Technical solutions do not work

While presented as solutions to a so-called border crisis, border technologies as a deterrent simply do not work. In fact, they lead to an increasing loss of life. People desperate for safety — and exercising their internationally protected right to asylum — will not stop moving.

They will instead use more circuitous routes. Scholars like Samuel Chambers, Geoffrey Boyce and Sarah Launius have already documented a threefold increase in deaths at the U.S.-Mexico frontier as the smart border expands. And as surveillance increases, thousands of deaths have also been reported at European borders, both sea and land.

Responsible storytelling

Borders are violent. They are underpinned by historical discrimination, racial logics and imperial fantasies of exclusion. Yet they are also spaces of tremendous resistance and solidarity, often in very unexpected ways.

Storytelling and story sharing is one form of resistance, and a profound and crucial element in any attempt to illustrate the opaque world of border technologies. Over the years, people have been incredibly generous in sharing their stories with me, often in the most difficult of times.

With each conversation and growing relationship, I found issues of witnessing, extracting and capturing stories becoming more complex as I grappled with how best to convey the atrocities that continue to occur. It is my hope that the lived experiences of the people I encountered will help bring draw attention to these dangerous technologies.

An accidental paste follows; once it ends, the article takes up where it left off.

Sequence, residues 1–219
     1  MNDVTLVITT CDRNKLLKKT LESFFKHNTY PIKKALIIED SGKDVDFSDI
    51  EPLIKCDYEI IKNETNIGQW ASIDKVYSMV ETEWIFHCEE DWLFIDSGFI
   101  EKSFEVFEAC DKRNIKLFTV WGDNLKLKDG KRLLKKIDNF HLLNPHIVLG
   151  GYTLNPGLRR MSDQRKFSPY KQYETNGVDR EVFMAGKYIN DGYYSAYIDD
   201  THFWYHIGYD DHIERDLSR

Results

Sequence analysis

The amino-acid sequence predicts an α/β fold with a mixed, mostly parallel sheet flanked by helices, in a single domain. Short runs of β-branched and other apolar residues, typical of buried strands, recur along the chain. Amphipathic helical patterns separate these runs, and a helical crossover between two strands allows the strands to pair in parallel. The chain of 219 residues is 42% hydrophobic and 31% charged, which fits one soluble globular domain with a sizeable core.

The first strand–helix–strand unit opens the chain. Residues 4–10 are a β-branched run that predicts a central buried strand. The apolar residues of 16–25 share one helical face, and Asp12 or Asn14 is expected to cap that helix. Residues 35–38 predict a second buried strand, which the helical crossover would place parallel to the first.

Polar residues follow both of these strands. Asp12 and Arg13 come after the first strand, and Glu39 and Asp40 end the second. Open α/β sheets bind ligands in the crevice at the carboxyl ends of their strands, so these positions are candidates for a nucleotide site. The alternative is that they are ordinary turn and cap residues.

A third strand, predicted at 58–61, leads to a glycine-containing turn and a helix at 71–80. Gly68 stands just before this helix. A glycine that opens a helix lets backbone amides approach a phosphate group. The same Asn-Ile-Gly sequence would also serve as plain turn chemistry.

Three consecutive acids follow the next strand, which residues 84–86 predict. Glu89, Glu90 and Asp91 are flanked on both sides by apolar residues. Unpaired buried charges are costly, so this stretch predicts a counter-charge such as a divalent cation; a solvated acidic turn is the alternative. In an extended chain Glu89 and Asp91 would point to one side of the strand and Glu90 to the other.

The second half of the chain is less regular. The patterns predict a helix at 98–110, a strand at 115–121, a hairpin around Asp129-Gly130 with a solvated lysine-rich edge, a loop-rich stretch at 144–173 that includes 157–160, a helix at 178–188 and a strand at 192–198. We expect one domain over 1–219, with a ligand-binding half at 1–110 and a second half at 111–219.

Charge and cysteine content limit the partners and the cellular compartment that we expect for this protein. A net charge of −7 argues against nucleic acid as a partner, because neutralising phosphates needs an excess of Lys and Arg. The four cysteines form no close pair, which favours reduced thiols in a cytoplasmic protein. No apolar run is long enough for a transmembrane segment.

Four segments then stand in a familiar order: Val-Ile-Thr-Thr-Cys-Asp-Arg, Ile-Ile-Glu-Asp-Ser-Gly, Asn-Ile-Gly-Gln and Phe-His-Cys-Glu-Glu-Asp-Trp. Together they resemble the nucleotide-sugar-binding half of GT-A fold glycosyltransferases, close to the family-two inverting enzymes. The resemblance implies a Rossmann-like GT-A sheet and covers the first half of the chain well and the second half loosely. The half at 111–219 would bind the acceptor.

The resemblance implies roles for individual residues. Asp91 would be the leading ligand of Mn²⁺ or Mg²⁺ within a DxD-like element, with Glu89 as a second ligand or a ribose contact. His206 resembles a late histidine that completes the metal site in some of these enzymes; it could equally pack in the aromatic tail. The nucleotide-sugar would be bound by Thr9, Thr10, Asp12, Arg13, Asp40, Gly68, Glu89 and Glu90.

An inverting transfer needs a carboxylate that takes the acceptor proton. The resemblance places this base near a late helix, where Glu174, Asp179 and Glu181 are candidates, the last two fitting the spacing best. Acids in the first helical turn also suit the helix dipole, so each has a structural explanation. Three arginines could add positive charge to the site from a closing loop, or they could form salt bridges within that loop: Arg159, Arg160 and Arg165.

Building a better world

A central ethos of my work is also the redistribution of resources directly into the hands of affected communities. I run the Refugee Law Lab’s Migration and Technology Monitor, a multilingual platform, archive and community. In 2023, we launched a first-of-its-kind fellowship program for people on the move to tell their own stories about the impacts of surveillance.

Ultimately, people with lived experiences of migration must be the ones interrogating both the negative impacts of technology and the creative solutions that innovation can bring to the complex stories of human movement.

Borders affect everyone

Everyone will, in one way or another, become affected by migration management technologies as we cross move around the world. While its greatest impact is on traditionally marginalized communities such as refugees and asylum seekers, migration management technologies affect everyone.

The robodogs running around the border? On April 11, 2023, the New York City Police Department announced it was bringing robodogs back to the streets, “to keep New York safe.” One machine had even been painted white with black spots to look like a dalmatian.

It is my hope that my book, and related work in this field, reveals the profound human stakes at borders globally by foregrounding the stories of people on the move and highlighting the daring forms of resistance that have emerged against these increasingly violent technologies.